Pembroke Resources’ $1 billion Olive Downs mine proposal is continuing to progress, with the draft terms of reference for the environmental impact assessment now available for public comment.
In Moranbah today to talk to local businesses about the potential impact of ex-TC Debbie, State Development Minister Dr Anthony Lynham said this was the first step in a rigorous environmental approvals process for a planned coking coal mine that could create more than 500 construction jobs a year over two years.
“The Coordinator-General will consider all comments and release the final terms of reference for the environmental impact statement which the proponent will then be required to fully address,” Dr Lynham said.
The proposed mine complex would be midway between Moranbah and Dysart and includes an 18km rail spur to the Norwich Park Branch railway, a water pipeline connecting to the Eungella pipeline network, an electricity transmission line and access roads.
The proposed mine is a coordinated project, which means the independent Coordinator-General efficiently coordinates the environmental assessment process across State and Federal agencies.
The draft terms of reference are available online and in local libraries. Submissions are open until May 12. (More at statedevelopment.qld.gov.au/olivedowns)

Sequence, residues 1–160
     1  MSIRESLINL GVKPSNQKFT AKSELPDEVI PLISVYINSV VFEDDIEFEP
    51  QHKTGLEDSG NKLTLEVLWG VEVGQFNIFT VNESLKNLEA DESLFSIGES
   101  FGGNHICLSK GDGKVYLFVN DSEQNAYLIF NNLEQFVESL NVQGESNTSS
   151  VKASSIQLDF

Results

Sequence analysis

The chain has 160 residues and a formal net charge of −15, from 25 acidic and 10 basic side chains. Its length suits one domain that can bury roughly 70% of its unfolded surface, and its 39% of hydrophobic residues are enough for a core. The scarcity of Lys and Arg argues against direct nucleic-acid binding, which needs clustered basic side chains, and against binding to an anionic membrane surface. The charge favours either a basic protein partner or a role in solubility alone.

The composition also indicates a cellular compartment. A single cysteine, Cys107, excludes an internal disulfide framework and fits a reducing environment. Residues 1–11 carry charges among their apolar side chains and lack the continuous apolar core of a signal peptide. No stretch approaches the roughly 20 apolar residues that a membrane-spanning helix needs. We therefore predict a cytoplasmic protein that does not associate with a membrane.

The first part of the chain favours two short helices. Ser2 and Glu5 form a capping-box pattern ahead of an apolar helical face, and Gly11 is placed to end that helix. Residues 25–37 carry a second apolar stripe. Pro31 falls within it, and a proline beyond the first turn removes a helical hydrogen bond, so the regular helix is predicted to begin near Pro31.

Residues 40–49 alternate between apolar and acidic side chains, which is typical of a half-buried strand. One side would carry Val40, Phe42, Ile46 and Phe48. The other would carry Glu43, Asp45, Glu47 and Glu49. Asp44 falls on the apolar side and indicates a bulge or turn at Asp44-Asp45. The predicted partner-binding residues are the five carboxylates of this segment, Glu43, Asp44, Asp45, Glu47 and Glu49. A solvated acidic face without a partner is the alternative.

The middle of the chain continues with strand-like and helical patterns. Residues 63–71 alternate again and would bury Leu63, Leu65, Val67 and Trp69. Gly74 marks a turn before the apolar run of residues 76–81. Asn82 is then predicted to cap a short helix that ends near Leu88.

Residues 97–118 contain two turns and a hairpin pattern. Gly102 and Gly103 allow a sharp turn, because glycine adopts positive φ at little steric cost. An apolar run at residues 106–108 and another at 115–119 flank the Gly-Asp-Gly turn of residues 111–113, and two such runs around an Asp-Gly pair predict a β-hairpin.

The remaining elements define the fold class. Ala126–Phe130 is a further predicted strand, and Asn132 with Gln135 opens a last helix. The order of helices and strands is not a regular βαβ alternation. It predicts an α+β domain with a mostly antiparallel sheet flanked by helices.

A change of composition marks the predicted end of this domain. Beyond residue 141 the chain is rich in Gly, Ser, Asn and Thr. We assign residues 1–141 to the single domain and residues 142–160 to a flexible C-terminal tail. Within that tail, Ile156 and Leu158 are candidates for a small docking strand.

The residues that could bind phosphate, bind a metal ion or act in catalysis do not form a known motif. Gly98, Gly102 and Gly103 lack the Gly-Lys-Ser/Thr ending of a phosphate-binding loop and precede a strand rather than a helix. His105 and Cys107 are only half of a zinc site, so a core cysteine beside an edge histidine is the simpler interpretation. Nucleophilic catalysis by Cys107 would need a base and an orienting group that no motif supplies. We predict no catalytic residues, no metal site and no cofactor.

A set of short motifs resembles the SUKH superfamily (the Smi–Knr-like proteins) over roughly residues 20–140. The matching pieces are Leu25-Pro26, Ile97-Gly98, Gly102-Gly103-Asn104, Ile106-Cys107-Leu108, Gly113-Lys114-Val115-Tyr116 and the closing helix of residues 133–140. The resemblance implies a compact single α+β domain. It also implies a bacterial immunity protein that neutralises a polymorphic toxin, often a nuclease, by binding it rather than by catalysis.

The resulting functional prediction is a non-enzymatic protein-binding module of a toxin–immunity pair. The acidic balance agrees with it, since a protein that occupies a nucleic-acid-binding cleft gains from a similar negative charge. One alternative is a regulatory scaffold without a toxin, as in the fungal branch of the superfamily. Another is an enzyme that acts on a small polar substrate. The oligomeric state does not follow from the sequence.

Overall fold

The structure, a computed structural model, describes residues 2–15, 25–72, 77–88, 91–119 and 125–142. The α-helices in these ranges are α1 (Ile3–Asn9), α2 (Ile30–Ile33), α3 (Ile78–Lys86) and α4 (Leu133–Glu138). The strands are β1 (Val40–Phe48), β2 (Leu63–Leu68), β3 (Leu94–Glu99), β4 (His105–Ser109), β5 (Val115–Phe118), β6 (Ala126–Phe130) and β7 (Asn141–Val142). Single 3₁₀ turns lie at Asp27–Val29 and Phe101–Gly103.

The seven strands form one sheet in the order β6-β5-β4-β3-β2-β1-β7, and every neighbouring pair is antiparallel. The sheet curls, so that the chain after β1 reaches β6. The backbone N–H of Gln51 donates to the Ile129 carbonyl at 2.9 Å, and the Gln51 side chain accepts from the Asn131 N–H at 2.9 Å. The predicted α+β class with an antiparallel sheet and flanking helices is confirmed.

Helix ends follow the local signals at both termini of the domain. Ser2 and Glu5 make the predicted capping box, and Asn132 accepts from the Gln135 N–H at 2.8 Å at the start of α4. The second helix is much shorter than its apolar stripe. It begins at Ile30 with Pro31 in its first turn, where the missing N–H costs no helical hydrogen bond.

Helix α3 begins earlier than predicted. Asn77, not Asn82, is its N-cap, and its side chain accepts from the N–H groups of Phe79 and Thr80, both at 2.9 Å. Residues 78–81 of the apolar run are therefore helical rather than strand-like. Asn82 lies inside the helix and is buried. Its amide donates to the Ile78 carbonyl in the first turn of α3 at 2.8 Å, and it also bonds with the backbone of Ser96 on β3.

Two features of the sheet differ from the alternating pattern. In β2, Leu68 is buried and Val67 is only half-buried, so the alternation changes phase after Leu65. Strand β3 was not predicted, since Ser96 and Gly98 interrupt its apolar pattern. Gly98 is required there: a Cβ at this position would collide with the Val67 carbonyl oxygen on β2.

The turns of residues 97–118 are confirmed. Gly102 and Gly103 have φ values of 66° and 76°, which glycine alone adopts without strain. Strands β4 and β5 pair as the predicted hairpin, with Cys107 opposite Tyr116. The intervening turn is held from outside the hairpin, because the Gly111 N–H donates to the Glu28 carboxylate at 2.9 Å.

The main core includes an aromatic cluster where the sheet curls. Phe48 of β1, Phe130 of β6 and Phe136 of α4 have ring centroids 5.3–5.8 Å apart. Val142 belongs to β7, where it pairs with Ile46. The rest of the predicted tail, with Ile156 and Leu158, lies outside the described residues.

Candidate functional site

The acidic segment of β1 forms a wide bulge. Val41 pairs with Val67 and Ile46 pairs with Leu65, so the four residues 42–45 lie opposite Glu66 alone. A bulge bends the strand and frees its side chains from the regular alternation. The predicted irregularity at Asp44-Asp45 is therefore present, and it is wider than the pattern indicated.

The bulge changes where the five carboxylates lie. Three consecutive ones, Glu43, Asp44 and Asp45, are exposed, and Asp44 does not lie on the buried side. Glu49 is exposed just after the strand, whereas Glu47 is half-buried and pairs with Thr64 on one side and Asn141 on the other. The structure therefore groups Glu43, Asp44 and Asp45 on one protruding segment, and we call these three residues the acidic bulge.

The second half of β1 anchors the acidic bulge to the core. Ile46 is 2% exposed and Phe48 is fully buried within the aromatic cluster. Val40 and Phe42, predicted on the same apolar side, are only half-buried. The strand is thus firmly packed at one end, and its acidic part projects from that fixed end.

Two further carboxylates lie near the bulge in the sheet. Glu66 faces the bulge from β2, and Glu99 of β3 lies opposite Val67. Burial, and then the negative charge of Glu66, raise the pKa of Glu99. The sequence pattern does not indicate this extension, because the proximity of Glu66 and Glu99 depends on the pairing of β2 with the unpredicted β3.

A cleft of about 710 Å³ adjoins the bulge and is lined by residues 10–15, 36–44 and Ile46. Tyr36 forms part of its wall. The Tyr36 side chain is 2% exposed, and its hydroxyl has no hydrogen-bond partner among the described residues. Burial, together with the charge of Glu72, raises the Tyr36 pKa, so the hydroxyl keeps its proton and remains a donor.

Meanwhile Adani Australia has announced another milestone in the approval process for the Carmichael coal mine in the Galilee Basin, with the Department of Natural Resources and Mines granting a water licence for the operation.
The modelling assessed by the department showed that up to 4.55 GL of groundwater could be taken per year, the company said.
“With the granting of the associated water license there are now 100 conditions related to groundwater including specific conditions relating to monitoring and reporting.” Adani Australia said in a statement.
Under the conditions of the associated water licence for groundwater, Adani will also need to establish make-good agreements with groundwater users who could potentially be affected by changes to water availability or quality.
The company said the proposed $21.7 billion Carmichael mine, rail and port projects had undergone extensive and rigorous approval processes at State and Commonwealth levels, including a Land Court hearing on the mining lease.